Etching of ceramic blocks with 10% hydrofluoric acid

Prof. Guilherme Carpena Lopes and Deise Rebelo Consoni

New ceramic systems have been developed and commercialized in the international market. The adequate adhesion to the ceramics is reached by means of two principles; application of hydrofluoric acid (HF) in a low concentration for a few seconds followed by the application of the bonding agent, silane. Respectively, those phases result in a ceramic surface with higher surface free energy and chemical bonding to the silica in the ceramics, be it feldspathic or ceramic glass.

With the popularity of ceramic systems for use with CAD/CAM, it became crucial to know the etching standard of each commercial brand of fluoric acid in the selected ceramic block for clinical use.

Objective: through magnetic field scanning electron microscopy, analyze the surface-etching standard of 3 ceramic blocks using a hydrofluoric gel in the 10% concentration.

Materials and methods: the ceramic blocks (n=2) selected for this laboratorial study were: feldspathic ceramics (VITABLOCS Mark II, VITA Zahnfabrik, Germany); reinforced glass-ceramic with lithium desilicate (IPS e.max CAD, Ivoclar Vivadent, Liechtenstein); and reinforced glass-ceramic with a high density of lithium disilicate obtained by micronizing (HDM, GC Initial LiSi CAD, GC Co., Japan). The blocks were crystalized in appropriate ceramic kiln, cut in two section directions using a diamond disk in low rotation for the obtainment of rectangular samples (4x4x6mm3). The blocks were polished with silicon carbide sandpaper up to #2000 grains, cleaned in ultrasound with purified water and separated in two groups: Control = polished ceramic surface; or, surface treated with hydrofluoric acid at 10% (Condac Porcelana, FGM).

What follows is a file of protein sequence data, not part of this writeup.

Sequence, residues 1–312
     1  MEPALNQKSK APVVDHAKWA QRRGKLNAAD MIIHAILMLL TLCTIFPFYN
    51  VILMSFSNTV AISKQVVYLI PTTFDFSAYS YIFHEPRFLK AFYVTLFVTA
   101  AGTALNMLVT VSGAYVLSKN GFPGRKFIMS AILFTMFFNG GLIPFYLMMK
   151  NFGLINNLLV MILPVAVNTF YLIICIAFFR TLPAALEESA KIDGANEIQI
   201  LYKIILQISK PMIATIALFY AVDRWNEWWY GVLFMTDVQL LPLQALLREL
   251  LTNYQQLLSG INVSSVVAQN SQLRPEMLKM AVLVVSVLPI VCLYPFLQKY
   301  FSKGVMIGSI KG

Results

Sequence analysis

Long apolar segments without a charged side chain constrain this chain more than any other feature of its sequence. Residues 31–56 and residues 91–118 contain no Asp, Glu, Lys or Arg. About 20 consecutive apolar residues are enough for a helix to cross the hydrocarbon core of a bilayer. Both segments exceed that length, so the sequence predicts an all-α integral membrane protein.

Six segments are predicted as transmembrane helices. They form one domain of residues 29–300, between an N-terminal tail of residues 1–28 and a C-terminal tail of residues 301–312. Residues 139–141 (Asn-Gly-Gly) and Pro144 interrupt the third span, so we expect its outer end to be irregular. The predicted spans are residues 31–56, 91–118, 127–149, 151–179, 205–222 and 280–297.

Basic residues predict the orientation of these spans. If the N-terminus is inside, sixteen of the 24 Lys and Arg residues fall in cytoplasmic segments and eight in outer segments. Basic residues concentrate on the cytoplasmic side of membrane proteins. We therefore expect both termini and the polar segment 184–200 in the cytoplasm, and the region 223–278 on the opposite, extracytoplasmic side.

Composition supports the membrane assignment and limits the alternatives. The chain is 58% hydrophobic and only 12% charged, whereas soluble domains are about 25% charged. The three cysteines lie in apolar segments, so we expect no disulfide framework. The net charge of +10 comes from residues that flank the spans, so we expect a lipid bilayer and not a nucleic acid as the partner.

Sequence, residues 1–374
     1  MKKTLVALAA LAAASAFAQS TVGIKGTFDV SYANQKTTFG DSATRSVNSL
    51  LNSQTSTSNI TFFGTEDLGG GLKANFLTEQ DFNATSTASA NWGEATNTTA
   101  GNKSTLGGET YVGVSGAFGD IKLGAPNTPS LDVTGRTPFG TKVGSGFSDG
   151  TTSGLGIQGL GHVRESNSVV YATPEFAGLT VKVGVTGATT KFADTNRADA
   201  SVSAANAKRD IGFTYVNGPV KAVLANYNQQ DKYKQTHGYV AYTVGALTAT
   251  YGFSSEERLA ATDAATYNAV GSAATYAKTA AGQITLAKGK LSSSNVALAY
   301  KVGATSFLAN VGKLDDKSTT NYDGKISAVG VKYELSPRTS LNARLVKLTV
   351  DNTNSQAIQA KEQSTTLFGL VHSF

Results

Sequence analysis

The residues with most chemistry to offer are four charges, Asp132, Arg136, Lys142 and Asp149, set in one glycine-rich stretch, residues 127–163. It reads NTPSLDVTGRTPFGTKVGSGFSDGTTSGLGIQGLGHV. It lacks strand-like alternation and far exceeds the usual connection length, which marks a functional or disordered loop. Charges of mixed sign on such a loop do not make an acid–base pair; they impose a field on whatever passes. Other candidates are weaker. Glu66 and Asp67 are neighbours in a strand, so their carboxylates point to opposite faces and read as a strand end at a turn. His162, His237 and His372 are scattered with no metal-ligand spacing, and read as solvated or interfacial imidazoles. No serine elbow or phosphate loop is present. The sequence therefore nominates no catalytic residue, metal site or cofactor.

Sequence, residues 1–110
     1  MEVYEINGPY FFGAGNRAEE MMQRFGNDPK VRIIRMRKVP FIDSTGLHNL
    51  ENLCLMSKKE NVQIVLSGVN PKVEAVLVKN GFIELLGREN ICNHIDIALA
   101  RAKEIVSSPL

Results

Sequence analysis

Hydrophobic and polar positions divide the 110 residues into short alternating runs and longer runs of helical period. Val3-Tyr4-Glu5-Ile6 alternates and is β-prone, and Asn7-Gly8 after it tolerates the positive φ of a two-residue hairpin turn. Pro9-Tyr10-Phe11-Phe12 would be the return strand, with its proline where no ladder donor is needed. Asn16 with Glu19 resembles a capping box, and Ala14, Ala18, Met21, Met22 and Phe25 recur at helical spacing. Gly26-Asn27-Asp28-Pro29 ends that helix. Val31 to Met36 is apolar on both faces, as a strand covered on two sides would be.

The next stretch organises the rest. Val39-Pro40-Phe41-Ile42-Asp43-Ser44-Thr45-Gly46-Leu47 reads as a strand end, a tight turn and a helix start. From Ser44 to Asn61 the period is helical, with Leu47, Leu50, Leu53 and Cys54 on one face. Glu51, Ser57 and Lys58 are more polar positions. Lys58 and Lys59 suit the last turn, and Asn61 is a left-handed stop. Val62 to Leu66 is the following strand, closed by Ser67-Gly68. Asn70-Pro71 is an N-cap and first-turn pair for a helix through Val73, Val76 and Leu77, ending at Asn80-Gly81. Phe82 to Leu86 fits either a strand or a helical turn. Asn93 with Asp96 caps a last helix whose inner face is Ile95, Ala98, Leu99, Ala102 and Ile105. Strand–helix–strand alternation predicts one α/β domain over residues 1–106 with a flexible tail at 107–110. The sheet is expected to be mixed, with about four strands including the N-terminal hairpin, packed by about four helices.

The times for the application of the gel, in accordance with the instructions of each block manufacturer, were respectively 60 seconds, 20 seconds and 20 seconds. Following that, the hydrofluoric acid was thoroughly washed with air/water spray for 30 seconds. The ceramic samples were then cleaned again in ultrasound for 10 minutes, dried with air jet without moisture or oil for approximately 1 minute, assembled in a sample holder, covered with gold- palladium and observed in scanning electron microscopy SEM (FESEM, JSM-6701F, JEOL) with augmentation from 2,000X to 20,000X.

Results: the control groups did not show a standard in the formation of micro retentions comparable to the samples treated with hydrofluoric acid at 10%. The samples treated with HF resulted in the creation of irregularities in all ceramic blocks. The feldspathic ceramics showed an etching standard that looked like honeycombs in the vitreous matrix3 with the maintenance of the integrity of the ceramic crystals.

The glass-ceramic blocks reinforced with lithium disilicate and micronized lithium disilicate exhibited ceramic etching standard with similar depth. Additionally, that standard was homogenous in the whole surface, with the dense concentration of lithium disilicate crystals exposed and apparently in areas of over-etching of the ceramics. For both glass-ceramic blocks, the lithium disilicate crystals were confined to the vitreous phase.

Conclusion: for all the ceramics analyzed (feldspathic, glass ceramic reinforced with lithium disilicate and glass-ceramic reinforced with micronized lithium disilicate), hydrofluoric acid at 10% (Condac Porcelana, FGM) resulted in an appropriate standard of ceramic etching from the adhesive and integrity perspectives.

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